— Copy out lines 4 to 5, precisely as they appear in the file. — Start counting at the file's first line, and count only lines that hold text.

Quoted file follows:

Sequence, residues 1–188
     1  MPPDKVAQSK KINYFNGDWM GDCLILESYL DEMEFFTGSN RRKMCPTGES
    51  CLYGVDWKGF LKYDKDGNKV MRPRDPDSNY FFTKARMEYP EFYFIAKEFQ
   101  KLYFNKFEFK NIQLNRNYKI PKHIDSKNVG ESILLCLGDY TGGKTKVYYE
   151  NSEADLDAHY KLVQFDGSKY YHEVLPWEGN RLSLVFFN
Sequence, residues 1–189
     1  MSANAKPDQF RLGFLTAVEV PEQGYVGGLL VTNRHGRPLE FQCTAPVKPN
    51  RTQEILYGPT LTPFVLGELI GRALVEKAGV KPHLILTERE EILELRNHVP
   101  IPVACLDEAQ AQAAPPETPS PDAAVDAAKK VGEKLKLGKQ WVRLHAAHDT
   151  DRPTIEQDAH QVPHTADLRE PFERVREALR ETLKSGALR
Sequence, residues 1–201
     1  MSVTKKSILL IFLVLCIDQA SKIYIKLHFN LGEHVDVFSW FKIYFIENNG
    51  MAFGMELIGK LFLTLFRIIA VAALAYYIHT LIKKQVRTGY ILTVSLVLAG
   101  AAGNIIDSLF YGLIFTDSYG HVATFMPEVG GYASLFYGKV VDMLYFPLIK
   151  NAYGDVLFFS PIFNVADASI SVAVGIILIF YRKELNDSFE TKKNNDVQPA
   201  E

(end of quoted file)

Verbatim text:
   101  KLYFNKFEFK NIQLNRNYKI PKHIDSKNVG ESILLCLGDY TGGKTKVYYE
   151  NSEADLDAHY KLVQFDGSKY YHEVLPWEGN RLSLVFFN